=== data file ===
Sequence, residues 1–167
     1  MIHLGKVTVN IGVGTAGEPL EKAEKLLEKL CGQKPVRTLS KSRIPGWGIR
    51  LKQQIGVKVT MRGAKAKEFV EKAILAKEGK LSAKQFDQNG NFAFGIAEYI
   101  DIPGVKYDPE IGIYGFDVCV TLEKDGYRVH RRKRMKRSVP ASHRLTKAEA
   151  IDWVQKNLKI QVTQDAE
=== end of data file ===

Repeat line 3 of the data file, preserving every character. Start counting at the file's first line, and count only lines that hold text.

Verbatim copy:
    51  LKQQIGVKVT MRGAKAKEFV EKAILAKEGK LSAKQFDQNG NFAFGIAEYI